Identifying and Treating Scale Rot

If you have a warm place in your heart for your cold-blooded pet, you do not want them to suffer needlessly from scale rot. They need you—and a warm, dry environment to survive and thrive. Cleaning up after your reptile can be tough, especially after an exhausting day when the last thing you want to do is empty their enclosure and ensure it’s not damp. To keep your reptile healthy, you must check their scales for any unusual symptoms. But doing these menial tasks can save you and your beloved pet from scale rot.


“Bearded dragon showing tongue” by Tambako the Jaguar is licensed with CC BY-ND 2.0.

What is Scale Rot?

Scale rot works as a catch-all term to describe many conditions that can impact your reptile’s skin or scales. Also known as Blister Disease, scale rot is a bacterial or fungal infection that grows on your pet’s body. Scale rot can result from poor husbandry or an environment that produces too much moisture. The wide array of skin issues that fall under “scale rot” can be dangerous if left untreated. In fact, it can become fetal.

Many well-meaning owners can confuse scale rot with a burn or another condition and apply an incorrect at-home treatment. Consulting your herpetologist for a diagnosis will save you from headaches and will alleviate your pet from any further sicknesses.

So, if you suspect that your herp has scale rot and they’re in an enclosure with another herp, immediately isolate them. Scale rot is contagious and trying to mitigate the spread can help save you and your pets a lot of discomfort. 

What Does Scale Rot Look Like?

Early signs can include, but aren’t limited to:

  • Lack of appetite
  • Blisters that begin as clear and can evolve into inflamed, red pustules
  • Swollen and inflamed scales
  • Discoloration of the skin near the abdomen or tail

What Causes Scale Rot?


“Iguana named King Kong” by -Cy- is licensed with CC BY 2.0.

Scale rot does not have one root cause. It’s often the result of a combination of conditions. Furthermore, because scale rot refers to multiple conditions, it’s best to cover all of your bases to prevent any of the infections reptiles can contract.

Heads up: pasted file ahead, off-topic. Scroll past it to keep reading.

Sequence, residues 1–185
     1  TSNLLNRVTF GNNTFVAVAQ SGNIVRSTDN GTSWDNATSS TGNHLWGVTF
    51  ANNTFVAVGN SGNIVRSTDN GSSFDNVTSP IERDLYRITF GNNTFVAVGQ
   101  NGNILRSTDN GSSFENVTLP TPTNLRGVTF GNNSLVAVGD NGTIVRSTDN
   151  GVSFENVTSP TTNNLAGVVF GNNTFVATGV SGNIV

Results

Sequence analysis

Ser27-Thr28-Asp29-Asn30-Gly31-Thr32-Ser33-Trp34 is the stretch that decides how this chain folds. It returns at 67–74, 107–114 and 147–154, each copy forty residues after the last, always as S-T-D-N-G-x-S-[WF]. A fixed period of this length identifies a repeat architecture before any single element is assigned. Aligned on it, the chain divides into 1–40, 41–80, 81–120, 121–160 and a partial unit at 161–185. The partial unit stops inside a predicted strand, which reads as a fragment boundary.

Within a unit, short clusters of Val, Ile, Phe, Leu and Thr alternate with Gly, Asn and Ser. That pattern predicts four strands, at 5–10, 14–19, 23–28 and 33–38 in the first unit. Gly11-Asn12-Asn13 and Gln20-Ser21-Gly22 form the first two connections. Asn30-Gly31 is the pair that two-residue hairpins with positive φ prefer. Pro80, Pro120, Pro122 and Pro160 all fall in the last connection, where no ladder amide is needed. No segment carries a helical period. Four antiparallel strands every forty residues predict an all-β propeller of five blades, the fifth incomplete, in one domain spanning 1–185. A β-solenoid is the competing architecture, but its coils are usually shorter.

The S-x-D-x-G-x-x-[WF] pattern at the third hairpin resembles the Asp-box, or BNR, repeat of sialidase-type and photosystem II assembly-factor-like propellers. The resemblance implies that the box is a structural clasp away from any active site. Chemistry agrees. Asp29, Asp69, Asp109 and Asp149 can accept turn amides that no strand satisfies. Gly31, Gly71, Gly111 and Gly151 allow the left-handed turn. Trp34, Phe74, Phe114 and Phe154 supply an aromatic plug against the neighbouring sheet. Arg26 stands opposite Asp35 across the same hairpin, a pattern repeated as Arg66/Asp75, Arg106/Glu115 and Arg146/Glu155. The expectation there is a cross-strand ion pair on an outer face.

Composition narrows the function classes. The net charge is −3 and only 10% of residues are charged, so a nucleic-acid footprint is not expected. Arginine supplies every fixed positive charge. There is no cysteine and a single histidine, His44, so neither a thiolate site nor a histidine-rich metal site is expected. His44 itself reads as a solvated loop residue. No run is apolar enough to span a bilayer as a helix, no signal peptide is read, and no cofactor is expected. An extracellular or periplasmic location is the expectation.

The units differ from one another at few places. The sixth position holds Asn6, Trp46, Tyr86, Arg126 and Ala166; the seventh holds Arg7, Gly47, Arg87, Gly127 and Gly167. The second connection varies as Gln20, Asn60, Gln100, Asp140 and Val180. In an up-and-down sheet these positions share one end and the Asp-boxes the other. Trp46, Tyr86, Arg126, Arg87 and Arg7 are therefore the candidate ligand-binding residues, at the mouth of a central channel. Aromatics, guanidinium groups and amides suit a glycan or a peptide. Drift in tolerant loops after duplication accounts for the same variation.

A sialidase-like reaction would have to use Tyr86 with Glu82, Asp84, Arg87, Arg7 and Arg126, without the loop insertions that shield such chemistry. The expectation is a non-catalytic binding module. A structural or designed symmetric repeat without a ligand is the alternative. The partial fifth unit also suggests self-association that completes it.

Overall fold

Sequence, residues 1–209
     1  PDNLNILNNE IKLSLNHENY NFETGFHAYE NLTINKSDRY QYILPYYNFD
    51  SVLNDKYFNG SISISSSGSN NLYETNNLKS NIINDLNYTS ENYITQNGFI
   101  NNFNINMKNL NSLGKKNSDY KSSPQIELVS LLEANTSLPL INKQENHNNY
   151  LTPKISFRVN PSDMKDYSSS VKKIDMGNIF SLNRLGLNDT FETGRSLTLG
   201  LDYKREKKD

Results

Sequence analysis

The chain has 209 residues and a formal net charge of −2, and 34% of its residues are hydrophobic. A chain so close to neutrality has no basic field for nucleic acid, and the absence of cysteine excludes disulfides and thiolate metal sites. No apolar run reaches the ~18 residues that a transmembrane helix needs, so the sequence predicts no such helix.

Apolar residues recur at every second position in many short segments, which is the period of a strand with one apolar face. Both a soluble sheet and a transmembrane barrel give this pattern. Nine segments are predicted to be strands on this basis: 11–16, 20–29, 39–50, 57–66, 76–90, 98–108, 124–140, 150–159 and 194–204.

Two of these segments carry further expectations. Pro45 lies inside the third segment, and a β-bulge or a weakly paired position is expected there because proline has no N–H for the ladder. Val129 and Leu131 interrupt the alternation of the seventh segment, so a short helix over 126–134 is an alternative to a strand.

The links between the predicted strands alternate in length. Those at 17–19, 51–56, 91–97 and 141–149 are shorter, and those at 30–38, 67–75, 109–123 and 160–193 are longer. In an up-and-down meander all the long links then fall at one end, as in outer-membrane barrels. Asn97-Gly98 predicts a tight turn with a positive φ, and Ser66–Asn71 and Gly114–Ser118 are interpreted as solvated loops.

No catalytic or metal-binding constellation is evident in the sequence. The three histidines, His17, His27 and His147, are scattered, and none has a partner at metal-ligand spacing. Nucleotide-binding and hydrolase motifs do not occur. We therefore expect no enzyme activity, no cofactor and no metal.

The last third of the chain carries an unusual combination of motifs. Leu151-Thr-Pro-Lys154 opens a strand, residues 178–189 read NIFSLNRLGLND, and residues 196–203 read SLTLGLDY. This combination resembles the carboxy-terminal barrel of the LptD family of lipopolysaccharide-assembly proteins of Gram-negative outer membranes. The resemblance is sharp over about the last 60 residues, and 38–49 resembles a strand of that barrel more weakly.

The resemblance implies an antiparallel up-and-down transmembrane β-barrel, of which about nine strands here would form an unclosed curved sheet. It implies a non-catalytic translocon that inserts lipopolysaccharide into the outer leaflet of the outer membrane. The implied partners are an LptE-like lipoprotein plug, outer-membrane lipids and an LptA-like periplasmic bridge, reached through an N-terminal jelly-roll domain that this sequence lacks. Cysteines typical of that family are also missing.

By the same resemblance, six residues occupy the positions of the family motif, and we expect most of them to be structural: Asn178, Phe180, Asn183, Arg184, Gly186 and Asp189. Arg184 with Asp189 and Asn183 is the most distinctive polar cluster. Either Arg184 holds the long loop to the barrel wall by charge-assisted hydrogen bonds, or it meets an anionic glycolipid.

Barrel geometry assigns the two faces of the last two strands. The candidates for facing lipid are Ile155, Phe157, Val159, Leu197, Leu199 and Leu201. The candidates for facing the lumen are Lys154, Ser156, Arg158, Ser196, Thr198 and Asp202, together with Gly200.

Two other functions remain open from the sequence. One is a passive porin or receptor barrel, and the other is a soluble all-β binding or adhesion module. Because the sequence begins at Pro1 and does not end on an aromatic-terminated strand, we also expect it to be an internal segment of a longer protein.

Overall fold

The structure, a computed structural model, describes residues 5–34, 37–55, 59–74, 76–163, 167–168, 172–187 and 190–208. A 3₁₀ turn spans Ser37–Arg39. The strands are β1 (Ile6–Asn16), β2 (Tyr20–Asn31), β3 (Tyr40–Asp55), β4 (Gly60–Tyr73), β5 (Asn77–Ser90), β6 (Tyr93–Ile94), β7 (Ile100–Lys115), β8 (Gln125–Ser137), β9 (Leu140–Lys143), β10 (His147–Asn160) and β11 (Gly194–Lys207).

A contaminated or unhygienic living condition

To begin, pet enclosures should be inspected every day. Cleaning out food and water bowls then scooping out any feces is part of the daily routine for reptile owners.  Enclosures should be thoroughly cleaned once a week, as well. This includes changing the substrate, wiping off toys, and disinfecting the walls of their home to ensure they stay healthy after all of your efforts.

Oftentimes, reptiles are purchased as pets for children. Teaching and guiding your child on how to clean an enclosure will be a wonderful bonding experience, and ensure the pet is well cared for. 

Poor ventilation

Finding a good amount of ventilation, but not too much can be tricky. Consider the environment you live in. If you live in Florida, for example, too much ventilation can cause draft or dehydration. 

Too much humidity or heat

Reptiles need a heat lamp to ensure that they stay warm. However, you want to ensure the heat isn’t overwhelming or creating an overabundance of humidity in your reptile’s enclosure. Adequate ventilation helps facilitate a good combination of heat, humidity, and air flow. Snakes require additional humidity as they shed their skin.

To keep your reptile at a comfortable temperature, install a habitat thermometer and check it often.

Lack of Vitamin C or A

A deficiency of Vitamin C can cause poor wound healing or rot in reptiles. Having a Vitamin A deficiency weakens the immune system and increases the chances your pet has of contracting a fungal or bacterial infection, even when their enclosure is well-kept. 

How To Get Rid of Scale Rot Before it Worsens

Isolate and provide fresh bedding

In superficial cases of scale rot, you might notice signs of infection early on. Occasionally all you need to do is place your herp in a clean, dry, healthful environment to negate the infection. Putting your pet in an isolated area with fresh substrate will help keep them isolated and it will allow you to see if their condition improves.

Clean the site of infection

Cleaning the site of an infection or wound, after disinfecting their enclosure, will help facilitate healing. Be consistent with this treatment. Apply herp-certified wound care to your pet several times a day and ensure their bedding is kept dry and warm, with adequate humidity and ventilation.

Visit the vet

Small lizards or snakes can succumb to scale rot in a matter of days. Whereas, larger herps can withstand infections for weeks or months—although it’s dangerous to “wait and see” for a prolonged period.

If your pet doesn’t begin showing signs of improvement within a couple of days, take them to your herpetologist.

How To Treat Scale Rot That’s More Severe

In more severe cases, where your herp hid their condition for a long period of time, your veterinarian could prescribe an antibiotic therapy to rid your pet of their bacterial infection. They may also supplement this treatment with an antibiotic cream and or a silver sulfadiazine, povidone-iodine solution.

If they don’t prescribe a topical solution, consult your vet about supplementing antibiotic care with over-the-counter wound care to get your pet on a fast track to recovery.

Keep Your Reptile Healthy and Free of Scale Rot


“0.1 High Yellow Albino Ball Python (Python Regius)” by Viper76 is licensed with CC BY-NC-SA 2.0.

Pets, no matter the species, are family. You never want them to suffer or be uncomfortable, especially if you can help treat and prevent it. Looking over your pet for any signs of illness and ensuring they always have a healthy appetite and adequate skincare will keep your herp healthy for years to come. 

Have a pet dog in addition to your reptile? Learn how to keep your dog’s skin healthy and free of hot spots.